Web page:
In order to win a Michigan driver’s license restoration or clearance case, you have prove that you haven’t had a drink for a legally “sufficient” period of time, and that you have ability and commitment to remain alcohol-free for good. What’s “legally sufficient” will vary from case to case, and we’ll explore that within this article, along with why the first and most important question my office asks any caller is “when is the last time you consumed any alcohol?”
Under Michigan law, a person who has lost his or her driver’s license as the result of multiple DUI’s is automatically and completely disqualified from winning a restoration appeal if he or she has consumed any alcohol whatsoever in the past 6 months. That, however, is completely misleading, because, as a practical matter, there is simply NO WAY to win a case if a person has consumed any within last 18 months, and even that’s not enough in many cases. More sober time is always better.
The key to winning a license appeal is showing that you have been alcohol-free for that “sufficient” period of time (we generally require at least 18 months’ of sobriety before filing) and that you are a safe bet to never drink again. To the Michigan Secretary of State, anyone convicted of multiple DUI’s is considered too risky to let drive again, until and unless he or she can show they have given up alcohol for good. This means proving one’s self genuinely sober.
There is a simple proposition underlies everything about the Michigan driver’s license reinstatement appeal process: people who do not drink are ZERO risk to drive drunk. No matter what else a person may think or feel about the whole license revocation thing, or the process one must go through to get it back, the notion that people who don’t drink also don’t drive drunk is beyond dispute.
Accordingly, the Michigan Secretary of State has decided that the only people can win a license restoration case are those who can prove that they’ve quit drinking, and have been alcohol-free for a long enough period of time, and who can also show they’re unlikely to ever drink again.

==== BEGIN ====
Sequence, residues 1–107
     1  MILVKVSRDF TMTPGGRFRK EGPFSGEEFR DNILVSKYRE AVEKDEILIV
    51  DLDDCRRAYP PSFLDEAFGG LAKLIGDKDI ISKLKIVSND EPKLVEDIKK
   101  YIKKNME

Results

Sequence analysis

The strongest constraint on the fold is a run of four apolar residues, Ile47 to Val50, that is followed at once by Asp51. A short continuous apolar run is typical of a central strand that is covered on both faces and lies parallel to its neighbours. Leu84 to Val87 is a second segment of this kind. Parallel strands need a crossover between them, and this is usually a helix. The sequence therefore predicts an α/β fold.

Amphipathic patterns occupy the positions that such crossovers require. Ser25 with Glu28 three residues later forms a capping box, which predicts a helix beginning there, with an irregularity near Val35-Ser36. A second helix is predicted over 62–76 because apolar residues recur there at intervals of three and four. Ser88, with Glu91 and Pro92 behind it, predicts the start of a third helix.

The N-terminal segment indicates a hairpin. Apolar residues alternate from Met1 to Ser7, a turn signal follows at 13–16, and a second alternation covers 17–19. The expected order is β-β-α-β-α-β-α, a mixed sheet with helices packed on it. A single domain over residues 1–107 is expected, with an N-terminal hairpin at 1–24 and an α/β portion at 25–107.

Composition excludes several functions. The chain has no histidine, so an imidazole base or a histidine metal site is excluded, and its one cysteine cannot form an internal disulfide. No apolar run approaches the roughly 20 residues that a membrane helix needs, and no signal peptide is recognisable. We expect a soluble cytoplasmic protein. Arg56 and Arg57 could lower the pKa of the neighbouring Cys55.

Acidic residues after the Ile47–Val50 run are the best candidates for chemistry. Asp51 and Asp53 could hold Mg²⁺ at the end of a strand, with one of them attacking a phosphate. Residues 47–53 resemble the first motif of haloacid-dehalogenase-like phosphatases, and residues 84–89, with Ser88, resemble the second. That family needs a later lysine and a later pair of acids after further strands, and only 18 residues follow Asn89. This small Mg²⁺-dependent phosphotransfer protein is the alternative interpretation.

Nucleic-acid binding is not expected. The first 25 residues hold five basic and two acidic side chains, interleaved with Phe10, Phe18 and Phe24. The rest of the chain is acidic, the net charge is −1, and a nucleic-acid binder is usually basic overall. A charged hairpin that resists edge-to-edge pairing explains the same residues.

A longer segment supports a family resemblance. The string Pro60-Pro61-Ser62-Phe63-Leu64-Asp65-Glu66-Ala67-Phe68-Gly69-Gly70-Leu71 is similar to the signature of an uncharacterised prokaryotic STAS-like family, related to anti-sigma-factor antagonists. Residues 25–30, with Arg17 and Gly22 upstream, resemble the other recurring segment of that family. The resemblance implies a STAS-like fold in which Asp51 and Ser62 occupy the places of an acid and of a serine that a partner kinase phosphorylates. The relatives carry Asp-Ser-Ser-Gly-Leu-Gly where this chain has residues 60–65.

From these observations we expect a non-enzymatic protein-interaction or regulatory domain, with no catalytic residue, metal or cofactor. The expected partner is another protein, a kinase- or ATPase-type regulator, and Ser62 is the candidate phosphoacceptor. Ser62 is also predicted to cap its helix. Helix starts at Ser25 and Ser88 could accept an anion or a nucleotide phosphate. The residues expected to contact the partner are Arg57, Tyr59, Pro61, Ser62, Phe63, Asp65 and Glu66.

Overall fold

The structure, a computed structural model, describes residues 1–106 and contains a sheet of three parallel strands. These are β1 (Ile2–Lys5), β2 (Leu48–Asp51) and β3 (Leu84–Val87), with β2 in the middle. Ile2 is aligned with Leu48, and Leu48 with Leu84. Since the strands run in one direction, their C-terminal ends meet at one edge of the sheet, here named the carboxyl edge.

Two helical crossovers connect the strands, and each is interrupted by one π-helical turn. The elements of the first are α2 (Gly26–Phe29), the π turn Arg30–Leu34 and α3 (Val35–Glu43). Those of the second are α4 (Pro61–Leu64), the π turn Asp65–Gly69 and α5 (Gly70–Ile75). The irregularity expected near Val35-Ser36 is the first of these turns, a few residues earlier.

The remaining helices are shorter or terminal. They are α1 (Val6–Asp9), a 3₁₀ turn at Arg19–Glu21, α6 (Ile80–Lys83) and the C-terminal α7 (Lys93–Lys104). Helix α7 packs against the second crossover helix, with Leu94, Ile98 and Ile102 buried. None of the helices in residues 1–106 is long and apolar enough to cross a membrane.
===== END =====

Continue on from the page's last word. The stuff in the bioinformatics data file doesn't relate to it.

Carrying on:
In a recent 2-part article, I explored how and why anyone who still drinks alcohol, or even thinks they can ever drink again, cannot win a license appeal. It comes down to the idea that a person is unlikely to ever drink again. It makes sense, when you think about it; a person who does not believe he or she can ever safely indulge is far less a risk to “pick up” than someone who still thinks that might be possible.
In addition to that, in the last pair of articles in the driver’s license restoration section of this blog, I explored how that plays out in the context of a sober lifestyle – something a person must also be able to demonstrate in the context of a license appeal. I strongly suggest the reader check those out.
Here, the point to be made is that the state’s entire approach to license restoration and clearance appeals is to screen out anyone who still drinks, thinks they can still drink, or who otherwise hasn’t made the life changes to support permanent sobriety.
This is why the single most important question we ask is “when is the last time you had a drink?”
Now, before any reader with a devious mind gets to thinking that the this article serves as some kind of advice or warning about how to answer that question, let me be crystal clear: that won’t work. Moreover, our practice is 100% NOT interested in dealing with anyone who would even try lie about this.
That said, we are always willing to speak with anyone to help them tip the scales in favor of a decision to quit drinking. This can set up a winning license appeal down the road, when enough sober time has been accumulated. However, we only take cases and guarantee to win licenses back for people who have honestly gotten sober.
Remember, the whole point of the Secretary of State’s license appeal process is to investigate whether this is true, no matter what a person says. In other words, it’s really easy to say you haven’t had a drink for a certain period of time, but you have to prove it, and you do that by being truthful. The whole process is set up to filter out false claims of abstinence and/or commitment, and look for genuine markers of real sobriety.
This isn’t some namely-pamby statement made just for the sake of appearances, either.